Matt Taibbi: “Obama’s Big Sell Out”

THOUGHT MERCHANT

Barack Obama ran for president as a man of the people, standing up to Wall Street as the global economy melted down in that fateful fall of 2008. He pushed a tax plan to soak the rich, ripped NAFTA for hurting the middle class and tore into John McCain for supporting a bankruptcy bill that sided with wealthy bankers “at the expense of hardworking Americans.” Obama may not have run to the left of Samuel Gompers or Cesar Chavez, but it’s not like you saw him on the campaign trail flanked by bankers from Citigroup and Goldman Sachs. What inspired supporters who pushed him to his historic win was the sense that a genuine outsider was finally breaking into an exclusive club, that walls were being torn down, that things were, for lack of a better or more specific term, changing.

Then he got elected.

What’s taken place in the…

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How Republicans Rig the Game | Politics News | Rolling Stone

How Republicans Rig the Game | Politics News | Rolling Stone.

The Culture of by any means necessary underscores the narrative that this is a WAR!!

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Recommended 10 Good Reads

Top 10 books for Black History month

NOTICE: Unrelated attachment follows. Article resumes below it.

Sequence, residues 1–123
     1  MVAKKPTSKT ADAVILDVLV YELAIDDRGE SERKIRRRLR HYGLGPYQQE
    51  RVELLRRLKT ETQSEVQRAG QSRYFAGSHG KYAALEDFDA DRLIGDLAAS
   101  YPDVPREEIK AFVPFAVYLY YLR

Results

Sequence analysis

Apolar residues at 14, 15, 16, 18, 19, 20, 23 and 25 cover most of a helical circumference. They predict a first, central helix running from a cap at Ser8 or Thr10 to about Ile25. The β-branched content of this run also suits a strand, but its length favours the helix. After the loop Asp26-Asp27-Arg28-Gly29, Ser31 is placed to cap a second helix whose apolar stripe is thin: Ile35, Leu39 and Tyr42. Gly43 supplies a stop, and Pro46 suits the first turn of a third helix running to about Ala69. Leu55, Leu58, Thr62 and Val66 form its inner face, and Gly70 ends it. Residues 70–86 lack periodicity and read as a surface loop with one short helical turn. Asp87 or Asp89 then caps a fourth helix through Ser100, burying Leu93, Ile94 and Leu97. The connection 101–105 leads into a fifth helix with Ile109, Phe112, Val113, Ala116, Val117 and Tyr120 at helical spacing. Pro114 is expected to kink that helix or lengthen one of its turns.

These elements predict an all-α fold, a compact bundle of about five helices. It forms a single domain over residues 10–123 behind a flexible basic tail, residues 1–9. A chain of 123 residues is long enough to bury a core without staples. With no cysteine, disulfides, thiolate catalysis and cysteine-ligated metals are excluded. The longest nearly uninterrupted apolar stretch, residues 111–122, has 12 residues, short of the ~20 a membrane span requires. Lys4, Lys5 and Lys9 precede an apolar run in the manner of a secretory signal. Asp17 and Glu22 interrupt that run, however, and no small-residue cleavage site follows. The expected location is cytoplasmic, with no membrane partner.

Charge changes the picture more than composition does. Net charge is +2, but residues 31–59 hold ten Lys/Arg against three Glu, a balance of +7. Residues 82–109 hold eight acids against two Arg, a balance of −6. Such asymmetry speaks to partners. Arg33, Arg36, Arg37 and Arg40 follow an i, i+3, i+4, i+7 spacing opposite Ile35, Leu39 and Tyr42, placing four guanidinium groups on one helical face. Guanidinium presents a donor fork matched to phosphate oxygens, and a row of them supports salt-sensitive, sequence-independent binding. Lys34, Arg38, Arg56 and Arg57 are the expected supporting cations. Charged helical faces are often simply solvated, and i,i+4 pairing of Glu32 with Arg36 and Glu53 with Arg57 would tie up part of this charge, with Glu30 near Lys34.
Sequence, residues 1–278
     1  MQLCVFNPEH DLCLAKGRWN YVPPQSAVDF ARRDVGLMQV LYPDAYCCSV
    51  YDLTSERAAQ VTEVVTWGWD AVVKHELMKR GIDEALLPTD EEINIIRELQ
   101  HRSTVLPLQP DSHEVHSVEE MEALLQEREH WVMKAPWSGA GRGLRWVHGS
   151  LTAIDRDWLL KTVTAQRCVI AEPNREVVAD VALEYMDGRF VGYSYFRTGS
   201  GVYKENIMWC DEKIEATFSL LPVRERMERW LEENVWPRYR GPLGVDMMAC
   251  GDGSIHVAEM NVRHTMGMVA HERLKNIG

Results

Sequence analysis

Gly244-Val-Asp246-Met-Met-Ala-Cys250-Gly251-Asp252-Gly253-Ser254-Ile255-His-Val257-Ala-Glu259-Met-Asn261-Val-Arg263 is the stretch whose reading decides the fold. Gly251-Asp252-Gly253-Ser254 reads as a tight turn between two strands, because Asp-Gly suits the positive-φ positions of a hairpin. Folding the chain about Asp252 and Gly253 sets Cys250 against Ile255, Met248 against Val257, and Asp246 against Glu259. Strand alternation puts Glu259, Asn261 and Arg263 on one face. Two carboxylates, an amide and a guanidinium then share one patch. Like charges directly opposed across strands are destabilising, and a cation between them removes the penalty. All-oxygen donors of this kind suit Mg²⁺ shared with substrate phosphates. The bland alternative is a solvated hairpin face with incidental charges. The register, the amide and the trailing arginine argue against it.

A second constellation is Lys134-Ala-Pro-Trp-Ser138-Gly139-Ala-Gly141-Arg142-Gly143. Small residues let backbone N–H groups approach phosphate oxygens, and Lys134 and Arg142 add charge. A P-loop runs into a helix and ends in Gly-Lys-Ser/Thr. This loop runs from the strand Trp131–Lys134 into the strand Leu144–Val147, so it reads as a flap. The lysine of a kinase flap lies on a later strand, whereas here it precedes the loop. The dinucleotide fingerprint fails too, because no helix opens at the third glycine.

From Martin Luther King Jr to black power, these books on the US civil rights struggle show how relevant the issues still are

Martin Luther King at the 1963 March on Washington

This year marked the 50th anniversary of Martin Luther King Jr’s ‘I have a dream’ speech at the March on Washington. Photograph: Rowland Scherman/Getty Images

The US civil rights movement is a perennially popular topic that has spawned a massive body of literature.

  1. Martin Luther King and the Civil Rights Movement (Seminar Studies In History) by John A. Kirk


Buy the book

 

1. King: A Critical Biography by David L Lewis

Of the many worthy contenders to choose from, I particularly like Lewis’s 1970 biography of Martin Luther King, because it was one of the first to take on the task after King’s assassination in 1968. While sympathetic to King, the book is not afraid to point to his shortcomings. Revealingly – and perhaps a reflection of King’s acceptance into the pantheon of American heroes – subsequent editions have dropped the word “critical” from the title.

2. Ella Baker and the Black Freedom Movement: A Radical Democratic Vision by Barbara Ransby

For many years, women’s roles in the civil rights movement were neglected. Ransby’s study charts the remarkable life of activist Ella Baker, who played an influential organising and leadership role over many decades and helped establish the foundations for King’s Southern Christian Leadership Conference. Ransby offers a fascinating portrait of one of the movement’s forgotten true heroes.

3. Lost Prophet: The Life and Times of Bayard Rustin by John D’Emilio

Rustin is another previously overlooked figure. Gay, pacifist, communist and Quaker, Bayard Rustin was largely kept out of view so as not to attract unwelcome publicity. He was pivotal in organising the 1963 March on Washington and he was a close advisor to King on nonviolence. D’Emilio’s gender studies perspective broaches the touchy subject of sexuality in civil rights studies.